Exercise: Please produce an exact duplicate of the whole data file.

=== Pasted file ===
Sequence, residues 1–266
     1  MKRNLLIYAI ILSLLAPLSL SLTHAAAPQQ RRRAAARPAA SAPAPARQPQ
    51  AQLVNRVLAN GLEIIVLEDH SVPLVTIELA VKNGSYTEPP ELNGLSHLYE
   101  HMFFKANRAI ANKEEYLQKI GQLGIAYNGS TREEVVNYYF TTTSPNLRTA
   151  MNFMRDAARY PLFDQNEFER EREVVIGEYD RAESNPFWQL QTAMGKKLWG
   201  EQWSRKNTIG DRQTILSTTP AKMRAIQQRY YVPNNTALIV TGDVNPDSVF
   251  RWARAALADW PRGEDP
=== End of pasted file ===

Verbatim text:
Sequence, residues 1–266
     1  MKRNLLIYAI ILSLLAPLSL SLTHAAAPQQ RRRAAARPAA SAPAPARQPQ
    51  AQLVNRVLAN GLEIIVLEDH SVPLVTIELA VKNGSYTEPP ELNGLSHLYE
   101  HMFFKANRAI ANKEEYLQKI GQLGIAYNGS TREEVVNYYF TTTSPNLRTA
   151  MNFMRDAARY PLFDQNEFER EREVVIGEYD RAESNPFWQL QTAMGKKLWG
   201  EQWSRKNTIG DRQTILSTTP AKMRAIQQRY YVPNNTALIV TGDVNPDSVF
   251  RWARAALADW PRGEDP